At the limit of visual historiography: Georges Didi-Huberman’s Bark

Bowman, Matthew (2019) At the limit of visual historiography: Georges Didi-Huberman’s Bark. In: "Art History in the Expanded Field" at Annual Association of Art Historians Conference, April 2019, Brighton. (Unpublished)

Full text not available from this repository. (Request a copy)

Abstract

Since the 1990s, the French art historian and philosopher Georges Didi-Huberman has been engaged in a major intellectual project that simultaneously re-reads early twentieth century German historiography as well as seeking to comprehend how artworks produce significance and temporal complexity. The writings of esteemed thinkers such as Aby Warburg, Walter Benjamin, and Bertolt Brecht, their theorization of montage and constellational strategies, have been plumbed by Didi-Huberman in order to comprehend the generative power of artworks, the ways that they actively prefigure and determine their historical accounting and interpretations.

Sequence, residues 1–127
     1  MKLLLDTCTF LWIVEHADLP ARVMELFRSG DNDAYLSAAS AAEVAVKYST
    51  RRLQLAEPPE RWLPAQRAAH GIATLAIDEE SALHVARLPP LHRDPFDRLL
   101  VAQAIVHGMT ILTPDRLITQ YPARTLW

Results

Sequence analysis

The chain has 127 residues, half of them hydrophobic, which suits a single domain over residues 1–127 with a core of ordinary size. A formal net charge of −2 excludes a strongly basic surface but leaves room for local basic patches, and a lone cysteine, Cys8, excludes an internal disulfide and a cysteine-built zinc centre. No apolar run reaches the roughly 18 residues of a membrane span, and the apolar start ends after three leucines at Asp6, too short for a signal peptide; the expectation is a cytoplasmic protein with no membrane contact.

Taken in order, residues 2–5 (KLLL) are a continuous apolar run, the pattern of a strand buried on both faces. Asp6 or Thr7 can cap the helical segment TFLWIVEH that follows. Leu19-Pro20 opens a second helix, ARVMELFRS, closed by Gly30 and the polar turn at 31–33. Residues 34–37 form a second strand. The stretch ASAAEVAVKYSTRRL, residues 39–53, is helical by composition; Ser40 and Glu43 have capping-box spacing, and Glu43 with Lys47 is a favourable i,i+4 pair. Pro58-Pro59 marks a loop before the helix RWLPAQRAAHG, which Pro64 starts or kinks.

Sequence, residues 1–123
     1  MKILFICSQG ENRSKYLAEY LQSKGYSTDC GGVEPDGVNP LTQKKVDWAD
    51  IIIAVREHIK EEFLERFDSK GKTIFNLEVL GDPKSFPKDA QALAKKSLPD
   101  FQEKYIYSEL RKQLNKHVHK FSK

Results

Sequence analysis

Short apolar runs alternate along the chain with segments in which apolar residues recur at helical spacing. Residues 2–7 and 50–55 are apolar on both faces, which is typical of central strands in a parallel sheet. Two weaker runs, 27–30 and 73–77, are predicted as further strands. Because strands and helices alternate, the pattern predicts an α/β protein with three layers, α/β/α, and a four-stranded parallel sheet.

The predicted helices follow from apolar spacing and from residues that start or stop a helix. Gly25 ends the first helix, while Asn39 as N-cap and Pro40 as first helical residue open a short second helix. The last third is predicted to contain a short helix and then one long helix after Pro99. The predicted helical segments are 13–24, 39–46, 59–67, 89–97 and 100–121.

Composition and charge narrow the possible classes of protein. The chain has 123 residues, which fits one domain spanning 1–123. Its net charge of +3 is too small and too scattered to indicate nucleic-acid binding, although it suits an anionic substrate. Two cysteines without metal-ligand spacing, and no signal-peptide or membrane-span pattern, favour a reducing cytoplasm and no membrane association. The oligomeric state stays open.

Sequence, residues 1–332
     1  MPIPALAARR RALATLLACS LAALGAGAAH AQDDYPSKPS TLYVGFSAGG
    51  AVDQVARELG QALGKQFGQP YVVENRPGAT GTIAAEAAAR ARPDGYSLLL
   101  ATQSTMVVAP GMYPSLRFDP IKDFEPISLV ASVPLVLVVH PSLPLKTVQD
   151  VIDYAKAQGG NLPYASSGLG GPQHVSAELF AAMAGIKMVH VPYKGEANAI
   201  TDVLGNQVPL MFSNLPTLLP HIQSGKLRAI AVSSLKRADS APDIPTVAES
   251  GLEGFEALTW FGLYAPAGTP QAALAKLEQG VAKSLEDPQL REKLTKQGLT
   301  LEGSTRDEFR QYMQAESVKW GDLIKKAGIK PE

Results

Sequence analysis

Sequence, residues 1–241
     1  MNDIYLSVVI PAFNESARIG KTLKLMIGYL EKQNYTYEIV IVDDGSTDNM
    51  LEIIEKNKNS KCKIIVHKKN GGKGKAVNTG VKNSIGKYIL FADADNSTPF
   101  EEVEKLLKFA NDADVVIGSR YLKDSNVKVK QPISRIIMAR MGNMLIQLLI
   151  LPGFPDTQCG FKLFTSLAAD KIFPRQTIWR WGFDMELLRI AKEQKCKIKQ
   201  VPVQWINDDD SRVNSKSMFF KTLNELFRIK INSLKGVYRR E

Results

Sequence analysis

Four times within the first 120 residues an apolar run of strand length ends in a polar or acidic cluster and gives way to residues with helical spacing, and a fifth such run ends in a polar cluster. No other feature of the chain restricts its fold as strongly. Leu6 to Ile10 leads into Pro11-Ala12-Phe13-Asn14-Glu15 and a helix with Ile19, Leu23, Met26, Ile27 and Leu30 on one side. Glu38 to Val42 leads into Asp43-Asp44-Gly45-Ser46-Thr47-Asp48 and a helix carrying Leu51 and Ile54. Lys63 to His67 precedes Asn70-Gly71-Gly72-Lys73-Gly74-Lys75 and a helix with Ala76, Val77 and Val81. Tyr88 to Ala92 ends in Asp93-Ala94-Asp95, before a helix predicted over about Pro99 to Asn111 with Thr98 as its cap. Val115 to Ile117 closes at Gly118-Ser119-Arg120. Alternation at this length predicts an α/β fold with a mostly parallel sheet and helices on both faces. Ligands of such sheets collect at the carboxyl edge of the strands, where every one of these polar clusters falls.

While art-historiographical reflection is central to most of his works, perhaps his most emblematic work in this regard is a short book titled Bark. Originally published in France in 2011, Bark is comprised of personal recollections concerning the murder of his grandparents at Auschwitz-Birkenau and photographs he has taken whilst visiting the former concentration camp. However, Bark, is more than a family narrative; it also constitutes an extension or postscript to Didi-Huberman’s Images in Spite of All in which a small group of group of surreptitiously-taken photographs evidence the burning of corpses at Auschwitz-Birkenau. At the heart of both books is a question of whether the traumatic immensity of the Holocaust can be expressed at all by means of photographic and textual representation.
This paper will examine Didi-Huberman’s Bark, its interplay of photography and text, as a photobook or photo-essay, in light of its contribution to historiographical cognition. It aims to demonstrate how—following the examples of Warburg, Benjamin, Brecht, and indeed Adorno—for Didi-Huberman art history is less writing about images than the production of representations.

Item Type: Conference or Workshop Item (Paper)
Uncontrolled Keywords: art, philosophy, arty history
Subjects: B Philosophy. Psychology. Religion > B Philosophy (General)
N Fine Arts > N Visual arts (General) For photography, see TR
T Technology > TR Photography
Divisions: Faculty of Arts, Business & Applied Social Science > Department of Arts & Humanities
Depositing User: Matthew Bowman
Date Deposited: 30 Sep 2020 15:01
Last Modified: 30 Sep 2020 15:01
URI: http://oars.uos.ac.uk/id/eprint/1424

Actions (login required)

View Item View Item